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Mark Mazzetti, the Gray Lady’s Grammar-Impaired Spook Stenographer

picture-102.thumbnail.pngC’mon, NYT, don’t you remember how embarrassing it was when Judy Miller was playing warmonger stenographer in 2002? Then why are you guys whoring yourself out to serve disinformation again?

I’m speaking of this post on Nancy Pelosi’s press conference spelling out reaaaalllyyyy slowly that the CIA lied when it briefed Pelosi and Goss on torture in 2002. When I first looked at the post, the headline said something like, "Pelosi says CIA misled Congress" (sorry, I didn’t get a screen cap; I should have known). Now it has shifted its focus back onto the fact that a Pelosi staffer–not the CIA, as required by law–informed Pelosi that CIA was in the torture business in 2003. 

And with its update–including reporting from the NYT’s spook guy, Mark Mazzetti–the NYT claims that Porter Goss refutes Nancy Pelosi’s statement.

According to the C.I.A. records, Ms. Pelosi attended the Sept. 4 briefing about the agency’s interrogation techniques with her Republican counterpart, Representative Porter J. Goss of Florida. Based on agency notes from the briefing, the two lawmakers were told the specific techniques “that had been employed” on Abu Zubaydah.

By then, that C.I.A. already used a number of harsh methods on Mr. Zubaydah, including waterboarding.

The C.I.A. records do not list the individual techniques that lawmakers were told about. However, in an op-ed last month, Mr. Goss said he remembers being told specifically about waterboarding during the September 2002 briefing.

“I am slack jawed to read that members claim to have not understood that the techniques on which they were briefed were to actually be employed; or that specific techniques such as “waterboarding” were never mentioned,” Mr. Goss wrote in The Wall Street Journal.

Mark, Mark, Mark. I spelled this all out here, back when it became apparent to anyone with a command of the English language that Goss’ dispute with Pelosi had nothing to do with her contention (which was clear even then) that the CIA hadn’t told Congress that it had already been using waterboarding. Rather, Goss argued that Pelosi should have known that the CIA was going to use waterboarding given that they told Pelosi they had gotten approval for it.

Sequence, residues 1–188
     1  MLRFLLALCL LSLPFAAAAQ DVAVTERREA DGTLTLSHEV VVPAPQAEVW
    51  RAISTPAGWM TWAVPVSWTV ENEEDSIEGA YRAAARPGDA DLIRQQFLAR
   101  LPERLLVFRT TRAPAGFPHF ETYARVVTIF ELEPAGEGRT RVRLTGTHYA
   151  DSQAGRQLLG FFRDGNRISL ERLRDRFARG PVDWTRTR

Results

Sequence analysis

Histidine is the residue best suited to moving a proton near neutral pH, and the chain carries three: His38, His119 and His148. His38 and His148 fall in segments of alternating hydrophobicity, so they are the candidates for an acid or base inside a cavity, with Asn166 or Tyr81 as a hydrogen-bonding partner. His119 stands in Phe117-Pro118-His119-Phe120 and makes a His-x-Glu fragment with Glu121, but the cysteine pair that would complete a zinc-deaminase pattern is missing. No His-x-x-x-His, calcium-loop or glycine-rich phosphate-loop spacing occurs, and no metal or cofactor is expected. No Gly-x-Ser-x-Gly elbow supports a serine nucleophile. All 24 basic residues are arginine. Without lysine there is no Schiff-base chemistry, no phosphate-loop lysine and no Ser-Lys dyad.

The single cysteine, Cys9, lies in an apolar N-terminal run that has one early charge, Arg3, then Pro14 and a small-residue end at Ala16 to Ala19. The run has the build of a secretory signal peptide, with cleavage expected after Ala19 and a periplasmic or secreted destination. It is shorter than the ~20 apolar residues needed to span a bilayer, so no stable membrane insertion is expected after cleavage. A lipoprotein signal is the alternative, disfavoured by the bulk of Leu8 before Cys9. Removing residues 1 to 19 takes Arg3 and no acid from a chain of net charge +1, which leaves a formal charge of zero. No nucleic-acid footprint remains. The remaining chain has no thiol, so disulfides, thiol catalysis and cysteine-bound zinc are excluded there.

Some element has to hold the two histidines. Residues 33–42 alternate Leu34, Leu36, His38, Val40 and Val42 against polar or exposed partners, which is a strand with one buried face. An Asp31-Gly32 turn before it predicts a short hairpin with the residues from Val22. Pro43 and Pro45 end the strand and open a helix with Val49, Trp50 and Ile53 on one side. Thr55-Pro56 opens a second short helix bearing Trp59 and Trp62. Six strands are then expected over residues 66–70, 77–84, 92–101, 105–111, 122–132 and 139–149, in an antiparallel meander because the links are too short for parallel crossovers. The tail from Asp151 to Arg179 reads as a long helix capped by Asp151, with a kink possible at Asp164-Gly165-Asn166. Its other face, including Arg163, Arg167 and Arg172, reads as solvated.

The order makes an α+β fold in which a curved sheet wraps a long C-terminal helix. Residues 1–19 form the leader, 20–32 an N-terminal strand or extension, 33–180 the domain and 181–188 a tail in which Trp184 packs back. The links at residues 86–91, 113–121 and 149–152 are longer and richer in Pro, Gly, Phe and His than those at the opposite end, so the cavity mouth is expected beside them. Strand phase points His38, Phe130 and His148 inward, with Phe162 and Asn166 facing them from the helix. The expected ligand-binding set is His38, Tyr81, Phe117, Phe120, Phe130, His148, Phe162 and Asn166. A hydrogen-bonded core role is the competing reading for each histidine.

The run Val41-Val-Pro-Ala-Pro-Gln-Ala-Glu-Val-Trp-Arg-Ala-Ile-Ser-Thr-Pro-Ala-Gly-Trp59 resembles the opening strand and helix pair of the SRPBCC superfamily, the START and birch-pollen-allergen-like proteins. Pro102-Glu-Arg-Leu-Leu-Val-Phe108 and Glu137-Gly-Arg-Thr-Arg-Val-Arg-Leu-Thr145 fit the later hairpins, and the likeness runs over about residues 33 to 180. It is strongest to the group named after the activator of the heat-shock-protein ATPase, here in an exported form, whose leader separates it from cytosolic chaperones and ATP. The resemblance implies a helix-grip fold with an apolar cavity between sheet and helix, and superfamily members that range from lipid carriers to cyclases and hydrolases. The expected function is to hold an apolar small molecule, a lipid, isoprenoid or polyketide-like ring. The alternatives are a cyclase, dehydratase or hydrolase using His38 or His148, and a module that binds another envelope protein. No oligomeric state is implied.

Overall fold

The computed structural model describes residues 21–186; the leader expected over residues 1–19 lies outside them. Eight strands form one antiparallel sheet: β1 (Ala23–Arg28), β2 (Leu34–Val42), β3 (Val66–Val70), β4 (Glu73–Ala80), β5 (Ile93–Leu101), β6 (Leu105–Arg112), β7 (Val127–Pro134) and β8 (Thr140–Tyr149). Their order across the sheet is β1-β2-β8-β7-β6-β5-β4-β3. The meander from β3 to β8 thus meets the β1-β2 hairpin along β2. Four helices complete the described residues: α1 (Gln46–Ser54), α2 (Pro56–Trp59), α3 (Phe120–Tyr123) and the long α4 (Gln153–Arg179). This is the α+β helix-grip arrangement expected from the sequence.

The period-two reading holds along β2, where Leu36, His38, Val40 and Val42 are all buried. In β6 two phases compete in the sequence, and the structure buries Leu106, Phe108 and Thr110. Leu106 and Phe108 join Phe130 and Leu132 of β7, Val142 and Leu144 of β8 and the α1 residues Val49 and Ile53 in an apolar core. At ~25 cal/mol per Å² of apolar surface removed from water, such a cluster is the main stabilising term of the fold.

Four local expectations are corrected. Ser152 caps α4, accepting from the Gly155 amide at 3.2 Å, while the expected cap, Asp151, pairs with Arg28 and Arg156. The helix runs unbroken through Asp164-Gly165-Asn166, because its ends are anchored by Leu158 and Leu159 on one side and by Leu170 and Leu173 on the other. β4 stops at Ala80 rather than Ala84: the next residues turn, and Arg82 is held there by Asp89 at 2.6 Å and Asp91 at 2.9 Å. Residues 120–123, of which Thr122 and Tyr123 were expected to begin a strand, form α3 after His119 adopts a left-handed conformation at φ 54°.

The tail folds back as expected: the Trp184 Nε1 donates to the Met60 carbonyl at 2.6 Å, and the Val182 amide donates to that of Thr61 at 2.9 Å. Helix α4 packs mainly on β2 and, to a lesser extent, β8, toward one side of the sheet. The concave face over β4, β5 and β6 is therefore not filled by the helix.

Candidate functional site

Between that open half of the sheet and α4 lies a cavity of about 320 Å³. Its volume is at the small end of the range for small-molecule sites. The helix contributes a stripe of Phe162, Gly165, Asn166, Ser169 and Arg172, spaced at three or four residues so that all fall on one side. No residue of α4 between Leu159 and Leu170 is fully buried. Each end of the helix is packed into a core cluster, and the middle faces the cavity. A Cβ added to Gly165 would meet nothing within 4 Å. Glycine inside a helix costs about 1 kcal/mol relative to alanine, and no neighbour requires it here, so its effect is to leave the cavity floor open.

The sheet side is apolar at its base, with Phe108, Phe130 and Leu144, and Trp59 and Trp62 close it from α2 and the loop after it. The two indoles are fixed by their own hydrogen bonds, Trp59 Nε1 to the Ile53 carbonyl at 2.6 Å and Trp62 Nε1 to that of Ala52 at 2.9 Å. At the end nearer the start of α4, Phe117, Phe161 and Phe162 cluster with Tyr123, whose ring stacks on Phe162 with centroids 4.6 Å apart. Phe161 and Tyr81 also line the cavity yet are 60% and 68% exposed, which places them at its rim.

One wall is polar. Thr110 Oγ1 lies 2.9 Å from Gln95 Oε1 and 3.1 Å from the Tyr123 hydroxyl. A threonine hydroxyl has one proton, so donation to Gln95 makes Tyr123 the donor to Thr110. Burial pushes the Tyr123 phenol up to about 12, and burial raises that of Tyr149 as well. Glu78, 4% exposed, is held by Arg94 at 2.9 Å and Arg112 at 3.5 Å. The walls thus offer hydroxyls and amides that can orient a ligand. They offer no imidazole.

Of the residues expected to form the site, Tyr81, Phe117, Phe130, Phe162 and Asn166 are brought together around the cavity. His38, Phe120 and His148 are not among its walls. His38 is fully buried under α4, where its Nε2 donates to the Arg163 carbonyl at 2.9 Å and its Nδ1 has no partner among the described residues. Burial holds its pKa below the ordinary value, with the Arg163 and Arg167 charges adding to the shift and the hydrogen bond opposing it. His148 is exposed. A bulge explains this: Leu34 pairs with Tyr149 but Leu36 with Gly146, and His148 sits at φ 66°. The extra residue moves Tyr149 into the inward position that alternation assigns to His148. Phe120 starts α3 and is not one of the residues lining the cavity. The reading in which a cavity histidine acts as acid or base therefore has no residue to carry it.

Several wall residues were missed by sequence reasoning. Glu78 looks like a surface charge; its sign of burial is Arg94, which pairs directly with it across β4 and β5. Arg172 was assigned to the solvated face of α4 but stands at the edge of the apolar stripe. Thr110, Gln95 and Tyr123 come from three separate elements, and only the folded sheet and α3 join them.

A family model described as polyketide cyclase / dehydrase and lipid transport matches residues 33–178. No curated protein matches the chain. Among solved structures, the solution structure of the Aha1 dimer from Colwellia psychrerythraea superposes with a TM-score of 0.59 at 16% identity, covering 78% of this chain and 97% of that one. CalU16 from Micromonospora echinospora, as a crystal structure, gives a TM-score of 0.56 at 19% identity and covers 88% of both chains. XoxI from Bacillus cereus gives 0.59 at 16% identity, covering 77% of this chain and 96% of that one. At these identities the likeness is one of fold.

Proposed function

Now, that’s clear even from the excerpt you’ve included in the post. But here, I’ll give you the whole excerpt so you can begin to understand how the English language works so you won’t be so susceptible to Porter’s spin next time.

In the fall of 2002, while I was chairman of the House intelligence committee, senior members of Congress were briefed on the CIA’s "High Value Terrorist Program," including the development of "enhanced interrogation techniques" and what those techniques were. 


Today, I am slack-jawed to read that members claim to have not understood that the techniques on which they were briefed were to actually be employed; or that specific techniques such as "waterboarding" were never mentioned.

Now Goss asserts five things with respect to that first briefing in 2002:

  1. He and Pelosi were briefed on the CIA’s High Value Terrorist Program
  2. He and Pelosi were briefed on the development of EITs
  3. He and Pelosi were briefed on what those techniques were
  4. Waterboarding was mentioned
  5. Those techniques–including, presumably, waterboarding–"were to actually be employed" 

Pelosi agrees that she and Goss were briefed on the program and, generally, that they discussed techniques. She even agrees that waterboarding was mentioned; the phrase "waterboarding was not being employed" certainly counts as a mention of waterboarding.

But see what number 5 doesn’t say? It doesn’t say, "those techniques had already been employed." "Were to be employed," a prospective use of waterboarding, not "had been employed," a past use of waterboarding.

Now, Mark. If you want to continue doing Porter’s bidding, you’re going to have to go back to him–I’m sure you’ve got him on speed-dial?–and get a stronger statement from him. But as things stand today, Porter Goss’ statement is completely consistent with Nancy Pelosi’s. The CIA, when it briefed Goss and Pelosi in 2002, did not tell them they had already been using waterboarding with Abu Zubaydah.

As a spook stenographer, Mark, I’m sure you’re familiar with the National Security Act, but if you need a primer, why not read about it on the pages of the NYT? You’ll see that the National Security Act requires the Administration inform Congress–arguably, the entire intelligence committees–about their covert ops. Requires. But instead, what happened here is that CIA took up torturing, and then, when they "briefed" Pelosi and Goss on it in September 2002, they didn’t tell them they were already doing it. They didn’t get around to revealing that until five months later–and six months after they had gotten into the torture business. 

That is a violation of the law–some might even consider it news. But not the NYT!!! Nope, the NYT is going to keep recycling Porter Goss’ carefully parsed statements and imply they refute Nancy Pelosi when they don’t. The NYT is going to obsess over the fact that a staffer told Nancy Pelosi something that CIA should have told her almost a year earlier. 

But the NYT is not, apparently, going to tell its readers that the CIA broke the law. 

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